Posts Tagged ‘kickstarter projects’
This Multi-Touch Glass Keyboard and mouse combo is the first with a touch-sensitive glass interface. The tempered glass touch surface is easy to wipe clean, and by design it’s immune to those crumbly bits of scone that somehow always find a way to get between the cracks of your keys (Okay, okay, by ‘scone’ we mean apple fritter). There are no moving parts that will wear out or snap off, you know after the abrasive typing that only comes with a doughnut-induced sugar rush. The keyboard has a metal base and printed keys on the back of the glass. Plus, these braniacs also kept in mind pesky, unsightly cords – both the keyboard and mouse are wireless and rechargeable. The touch technology is what they call ‘FTIR’ – for those of us non-geeks out there it stands for “Frustrated Total Internal Reflection.” We’ll brak it down for you guys. Basically, infrared lights in the glass are reflected with the touch of a fingertip, a camera picks up the reflection, and software sends the appropriate info to your computer. Pretty snazzy, right?
Industrial tech engineer and inventor, Jason Giddings says he “loves the process of making new products,” and when it came to the Muli-Touch Keyboard he used a wide range of disciplines during the developing and designing process.
To ensure that the keyboard markings do not rub off, Giddings designed them to adhere to the back of the glass where it will avoid all traffic.
No longer is a ‘Klingon’ simply a snaggle-toothed villain from Star Trek. Nope, there’s a new definition and it’s far less threatening. The newKlinggon is the brainchild of Gustavo Leon and Francisco Garcia , who became increasingly frustrated with their headphone cords getting tangled into a hot mess while they were exercising. Without speaking for everyone, I think we can sympathize with their frustration. We’ll we’re happy to tell you that listening to your sweet tunes while running, cycling, skateboarding, or using your Shake Weight (Hey, we’re not here to judge) is all about to change. The dynamic duo explains, “The concept is to fasten the cable close to your body thus allowing us to fully enjoy your activities without constantly maneuvering around the earphone cable.” Knstrct touched base with Gustavo and Francisco to gather additional insight on this new solution to the pesky headphone cables. 3D Printing was used to create the soft silicon and rubber device that is infused with neodymium magnets. “The magnets are commonly used in computer hard drives and have tremendous pull force,” Leon explained. The duo has been researching prototypes and materials since November of 2010 and is now heading into production to get these bad boys off the drawing board and into your hands. Head over to Kickstarter to view out their video and check out our interview with Gustavo and Francisco below!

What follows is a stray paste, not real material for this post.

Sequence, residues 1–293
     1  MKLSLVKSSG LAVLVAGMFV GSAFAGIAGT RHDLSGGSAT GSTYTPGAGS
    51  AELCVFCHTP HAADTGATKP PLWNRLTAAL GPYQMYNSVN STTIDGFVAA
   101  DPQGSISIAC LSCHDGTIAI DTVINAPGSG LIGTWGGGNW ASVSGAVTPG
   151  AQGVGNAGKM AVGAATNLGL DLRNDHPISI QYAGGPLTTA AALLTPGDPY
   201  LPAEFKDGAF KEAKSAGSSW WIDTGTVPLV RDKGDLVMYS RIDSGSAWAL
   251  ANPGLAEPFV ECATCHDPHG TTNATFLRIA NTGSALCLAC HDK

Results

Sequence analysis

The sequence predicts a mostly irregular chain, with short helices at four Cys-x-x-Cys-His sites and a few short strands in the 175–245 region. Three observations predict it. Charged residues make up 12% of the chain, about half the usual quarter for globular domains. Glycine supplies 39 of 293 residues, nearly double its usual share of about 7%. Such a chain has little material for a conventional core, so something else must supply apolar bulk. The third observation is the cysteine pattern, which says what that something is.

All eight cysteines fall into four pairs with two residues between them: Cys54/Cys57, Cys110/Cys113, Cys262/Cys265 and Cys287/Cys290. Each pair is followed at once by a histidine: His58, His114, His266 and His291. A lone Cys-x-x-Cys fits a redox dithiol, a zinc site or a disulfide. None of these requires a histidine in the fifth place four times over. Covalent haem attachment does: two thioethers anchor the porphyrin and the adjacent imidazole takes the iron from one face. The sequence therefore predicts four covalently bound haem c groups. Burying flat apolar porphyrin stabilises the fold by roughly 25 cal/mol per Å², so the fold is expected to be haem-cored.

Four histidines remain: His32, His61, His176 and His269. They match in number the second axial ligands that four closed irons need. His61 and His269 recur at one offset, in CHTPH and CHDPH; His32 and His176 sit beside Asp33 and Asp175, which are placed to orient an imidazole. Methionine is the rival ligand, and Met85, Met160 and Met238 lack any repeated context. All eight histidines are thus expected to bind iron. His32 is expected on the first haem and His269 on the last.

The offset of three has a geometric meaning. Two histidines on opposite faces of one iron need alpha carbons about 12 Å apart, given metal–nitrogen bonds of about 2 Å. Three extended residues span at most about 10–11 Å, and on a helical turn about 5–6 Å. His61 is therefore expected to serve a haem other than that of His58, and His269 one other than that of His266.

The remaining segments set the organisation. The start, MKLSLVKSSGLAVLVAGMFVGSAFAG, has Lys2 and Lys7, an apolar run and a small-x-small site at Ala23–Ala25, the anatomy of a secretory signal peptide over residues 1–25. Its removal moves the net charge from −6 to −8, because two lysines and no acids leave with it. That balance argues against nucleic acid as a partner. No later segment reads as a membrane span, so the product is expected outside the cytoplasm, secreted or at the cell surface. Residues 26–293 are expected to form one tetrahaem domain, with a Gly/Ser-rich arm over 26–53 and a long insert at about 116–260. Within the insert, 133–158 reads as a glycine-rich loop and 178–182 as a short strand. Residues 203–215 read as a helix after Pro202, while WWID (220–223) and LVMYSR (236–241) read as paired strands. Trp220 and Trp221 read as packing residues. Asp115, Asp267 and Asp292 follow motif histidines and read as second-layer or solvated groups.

1. How did you and Francisco partner up for this project?
We both share a background of graphic design, marketing and advertising combined with an avid and constant desire to solve problems beyond the digital and print world. Despite we have known each other for years we had never worked together in the past and I guess the gravitating factor was a mindset of constantly looking to improve and invent upon and around existing gadgets We embarked in this project with a clear and simple vision, lets work towards delivering an unprecedented exquisite and refined device to solve a simple problem, and in this way the klinggon was born.
2. How did you come up with the idea for the Klinggon?
After being tired of fighting around the earphone cables at the gym, running and biking we kind of had an epiphany and after a few casuals chats on product development and design, boom all of a sudden we both coincidentally stumbled upon the same idea and almost instinctively we knew this was the right idea to fully invest ourselves into the project.
3. Out of all the prototypes you created, what was it about the final one that made it the final one?
Ooooooh that’s a tough one to answer, ok we go back to a few abstract concepts in design we had been trying to understand and it goes like when you see a product instantly the perception is one based on form and function, the surface and how it feels but not the thought process leading to the end result itself. After many prototypes we were simply not satisfied, in retrospect yes the form and function was ok but something was missing and we were running low in creativity so we kept on going back to the basic elements of the idea, I guess here is where trying to think out of the box helps so we said lets take a break and evaluate it with a fresh set of eyes. As a matter of fact we said lets switch tasks and evaluate each others contribution with a critical eye and yes you can guess what happened next, all of a sudden you take a pencil draw and there it is that “Ahha moment” when all of it falls into place and kind of gives you that “love at first sight” feeling. In hindsight it has been to an extent an exhausting intellectual exercise but also very rewarding from a learning standpoint.